Tag : antisemitism

October 23, 2020 by

Did Alzheimer’s Turn My Husband Into An anti-Semite?

Plenty of Jews who “marry out” ask their new partners to convert. I wasn’t one of them. Yet I’m deep-in-the-bone and dyed-in-the-wool Jewish. My parents were card carrying Zionists from the Midwest who’d met at Habonim, a Zionist youth group. My father dropped out of the University of Michigan in 1949 to go to the newly formed state of Israel.

“Israel?” said his mother, clearly not keen on the idea. “What’s in Israel? Sand, s—- and flies.”

My mother disagreed. Barely 17, and as starry-eyed with the dream as he was, she followed him there. They lived first in a kibbutz and later on a moshav; my brother was born in the first and I in the second, making me a sabra, with a Hebrew name and Israeli birth certificate. My parents left Israel when I was a year old, but the country loomed large, almost mythical, throughout my childhood, even though I didn’t return until I was 18. When I did, it felt like a homecoming.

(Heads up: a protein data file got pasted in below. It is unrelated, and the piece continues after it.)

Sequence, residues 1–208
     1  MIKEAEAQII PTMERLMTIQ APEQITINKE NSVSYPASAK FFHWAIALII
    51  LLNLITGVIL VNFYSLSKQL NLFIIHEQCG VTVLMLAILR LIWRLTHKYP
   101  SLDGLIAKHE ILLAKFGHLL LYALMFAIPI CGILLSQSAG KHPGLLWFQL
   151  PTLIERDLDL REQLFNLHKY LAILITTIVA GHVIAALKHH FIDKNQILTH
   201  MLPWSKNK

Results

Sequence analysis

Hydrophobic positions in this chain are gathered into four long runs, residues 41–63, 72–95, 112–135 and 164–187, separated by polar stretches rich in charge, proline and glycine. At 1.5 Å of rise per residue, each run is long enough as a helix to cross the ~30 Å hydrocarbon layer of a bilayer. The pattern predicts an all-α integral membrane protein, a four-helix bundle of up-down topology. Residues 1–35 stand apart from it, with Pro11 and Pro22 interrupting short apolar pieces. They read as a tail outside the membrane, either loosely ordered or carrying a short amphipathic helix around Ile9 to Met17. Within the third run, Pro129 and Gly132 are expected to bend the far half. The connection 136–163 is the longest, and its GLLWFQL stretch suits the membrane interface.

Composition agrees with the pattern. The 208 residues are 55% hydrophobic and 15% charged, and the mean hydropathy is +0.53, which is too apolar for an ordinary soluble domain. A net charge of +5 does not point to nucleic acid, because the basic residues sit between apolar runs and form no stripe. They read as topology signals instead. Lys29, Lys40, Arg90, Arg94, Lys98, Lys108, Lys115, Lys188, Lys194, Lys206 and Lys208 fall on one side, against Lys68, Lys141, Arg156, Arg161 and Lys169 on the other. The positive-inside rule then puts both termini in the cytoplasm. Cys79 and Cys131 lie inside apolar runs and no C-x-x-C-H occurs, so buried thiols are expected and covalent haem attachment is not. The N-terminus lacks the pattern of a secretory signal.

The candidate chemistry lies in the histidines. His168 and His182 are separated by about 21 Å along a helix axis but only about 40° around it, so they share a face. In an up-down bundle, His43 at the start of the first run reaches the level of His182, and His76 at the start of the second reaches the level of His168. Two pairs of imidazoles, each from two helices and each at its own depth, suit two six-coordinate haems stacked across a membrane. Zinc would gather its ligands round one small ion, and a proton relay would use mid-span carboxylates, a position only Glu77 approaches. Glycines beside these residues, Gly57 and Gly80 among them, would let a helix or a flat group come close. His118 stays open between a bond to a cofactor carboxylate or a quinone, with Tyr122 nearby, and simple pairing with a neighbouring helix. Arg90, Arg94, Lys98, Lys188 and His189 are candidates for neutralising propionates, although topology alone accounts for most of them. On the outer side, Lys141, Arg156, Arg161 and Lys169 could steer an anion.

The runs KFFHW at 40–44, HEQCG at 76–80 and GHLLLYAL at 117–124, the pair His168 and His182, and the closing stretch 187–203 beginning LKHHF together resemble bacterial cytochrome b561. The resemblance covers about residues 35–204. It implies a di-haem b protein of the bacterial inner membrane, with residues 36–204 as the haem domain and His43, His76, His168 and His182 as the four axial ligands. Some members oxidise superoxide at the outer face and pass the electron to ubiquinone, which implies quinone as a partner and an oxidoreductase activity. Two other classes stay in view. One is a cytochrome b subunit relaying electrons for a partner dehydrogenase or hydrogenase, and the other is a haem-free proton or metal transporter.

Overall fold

But when I fell in love with my husband, it was his very non-Jewishness that made my Jewish girl’s heart flutter. Born and raised in Portsmouth, NH, he was a Yankee through and through, part of a big, extended Catholic family, most of them
still in the area.

The first Christmas we knew each other, he brought me to his boyhood home, a charming white house. He raved about how the backyard had been filled with lilacs in the spring; I could almost imagine their scent. We passed his Nana’s house on State Street, where he’d stop by; together, they did the Jumble in the newspaper while he ate a generous slice of the incomparable apple pie she’d baked. Then there was the Whipple Elementary School, the pond where he’d learned to skate, his father’s sporting goods store on Market Street, where it had been his job to string the tennis racquets and dust the stacked boxes of model airplanes. Molson’s, the drugstore/ luncheonette, was gone, but he wished I’d been able to taste the ice cream Mr. Molson churned in the basement—vanilla, chocolate, peach, and his favorite, coffee.